About Roy Moore
Since he was first appointed as circuit judge in Etowah County, Alabama, in 1992, Moore has repeatedly used positions of authority to impose his own version of far-right Christianity while also serving as a public advocate for some of the most extreme anti-choice and anti-LGBT causes. Moore largely adheres to a dominionist worldview, which holds that the United States is fundamentally a Christian nation and that biblical law, as interpreted by the movement’s adherents, must be restored and secular law destroyed.
Despite having twice been removed from the Alabama Supreme Court — once in 2003 after installing a stone monument of the Ten Commandments in the state’s Supreme Court building and again in 2016 for ordering state judges to ignore the U.S. Supreme Court decision legalizing same-sex marriage — Moore won the Republican primary in the 2017 special election for Senate. During the general election campaign, accusations surfaced from as many as nine women that he had sexually harassed them as young girls when he was a district attorney in his 30s. One woman claimed Moore sexually assaulted her when she was 14. On December 12, 2017, Moore lost the election by 20,000 votes.
The Southern Poverty Law Center (SPLC) filed judicial ethics complaints following Moore’s actions that led to his removal from the bench in 2003 and 2016.
In his own words
"Homosexual conduct should be illegal, yes." — During a C-SPAN interview, 2005.
“Now, I'm going to tell you about the only thing I know that the Islamic faith has done in this country is 9/11.” —During a speech at the powerful Christian Right organization Council for National Policy, 2009.
“[T]here are some communities under Sharia law right now in our country.” — Moore propagating a far-right, anti-Muslim conspiracy that Sharia law is spreading in the U.S., 2017.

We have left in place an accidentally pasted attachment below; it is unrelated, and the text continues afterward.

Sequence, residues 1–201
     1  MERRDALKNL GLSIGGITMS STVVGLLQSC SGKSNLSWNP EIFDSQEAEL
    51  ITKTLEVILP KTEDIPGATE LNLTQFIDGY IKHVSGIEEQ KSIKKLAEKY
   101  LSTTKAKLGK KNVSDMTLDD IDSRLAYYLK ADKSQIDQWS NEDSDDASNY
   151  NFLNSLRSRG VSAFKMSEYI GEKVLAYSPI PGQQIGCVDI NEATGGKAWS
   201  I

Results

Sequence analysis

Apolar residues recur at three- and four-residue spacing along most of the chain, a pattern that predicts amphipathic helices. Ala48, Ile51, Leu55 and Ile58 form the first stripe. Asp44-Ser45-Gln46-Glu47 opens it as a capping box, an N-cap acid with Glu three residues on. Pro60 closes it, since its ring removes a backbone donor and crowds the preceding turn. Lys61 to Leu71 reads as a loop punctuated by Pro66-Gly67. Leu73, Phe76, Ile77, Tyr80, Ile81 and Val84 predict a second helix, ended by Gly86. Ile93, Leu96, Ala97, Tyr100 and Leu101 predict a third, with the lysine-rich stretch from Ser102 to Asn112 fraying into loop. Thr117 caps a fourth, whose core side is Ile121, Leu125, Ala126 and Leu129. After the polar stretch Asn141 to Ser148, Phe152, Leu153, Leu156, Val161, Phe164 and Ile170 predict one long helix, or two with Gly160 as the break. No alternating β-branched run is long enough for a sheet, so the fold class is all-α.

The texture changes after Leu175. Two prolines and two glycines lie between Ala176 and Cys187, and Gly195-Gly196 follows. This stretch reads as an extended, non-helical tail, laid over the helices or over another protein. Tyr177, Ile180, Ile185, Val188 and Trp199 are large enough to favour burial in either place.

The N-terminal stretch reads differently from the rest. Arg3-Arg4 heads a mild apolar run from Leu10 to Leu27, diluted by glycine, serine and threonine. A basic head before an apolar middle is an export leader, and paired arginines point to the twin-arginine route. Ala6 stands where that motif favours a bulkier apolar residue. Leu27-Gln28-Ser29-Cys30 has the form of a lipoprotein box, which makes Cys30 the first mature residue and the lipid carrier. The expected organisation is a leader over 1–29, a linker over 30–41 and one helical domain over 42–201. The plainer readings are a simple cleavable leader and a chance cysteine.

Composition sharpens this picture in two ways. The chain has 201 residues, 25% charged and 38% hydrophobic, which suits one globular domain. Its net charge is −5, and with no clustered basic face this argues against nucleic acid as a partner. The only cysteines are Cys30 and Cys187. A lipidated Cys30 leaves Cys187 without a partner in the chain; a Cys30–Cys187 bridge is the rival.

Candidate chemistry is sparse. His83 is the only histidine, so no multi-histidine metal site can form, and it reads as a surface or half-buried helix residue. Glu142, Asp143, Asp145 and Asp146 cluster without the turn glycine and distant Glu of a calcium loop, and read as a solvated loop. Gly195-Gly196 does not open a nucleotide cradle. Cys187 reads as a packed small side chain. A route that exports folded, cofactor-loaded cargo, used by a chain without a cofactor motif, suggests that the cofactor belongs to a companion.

“Impeach these justices that put themselves above the Constitution. They’re judicial supremacists and they should be taken off the bench.” — Moore calling for the impeachment of the Supreme Court justices who helped decide Obergefell v. Hodges, 2017.
“We can survive four years of any president; we cannot survive without a Constitution. …This calls for a major investigation. Our Constitution is at stake.” — Moore claiming that newly elected President Barack Obama was not a U.S. citizen, 2008.
“Thus, the policy of the law in Alabama — from its civil law to its Criminal Code to the educational programs provided to its public-school students — consistently condemns homosexual activity and the homosexual lifestyle. The effect of such a lifestyle upon children must not be ignored, and the lifestyle should never be tolerated. …The State carries the power of the sword, that is, the power to prohibit conduct with physical penalties, such as confinement and even execution. It must use that power to prevent the subversion of children toward this lifestyle, to not encourage a criminal lifestyle.” — Then Chief Justice Roy Moore suggesting that the state would be justified in executing gay men and lesbians in order to protect children. In re D.H. v. H.H., Supreme Court of Alabama, 2002.
“Homosexual behavior is a crime against nature, an inherent evil, and an act so heinous that it defies one’s ability to describe it.” — In re D.H. v. H.H., Supreme Court of Alabama, 2002.
“’Because you have despised His word and trust in perverseness and oppression, and say thereon ... therefore this iniquity will be to you as a breach ready to fall, swell out in a high wall, whose breaking cometh suddenly at an instance.’…Sounds a little bit like the Pentagon, whose breaking came suddenly at an instance, doesn't it?" — Moore quoting a Bible passage to claim that the 9/11 terrorist attacks were God’s response to America because "we legitimize sodomy" and "legitimize abortion,” 2017.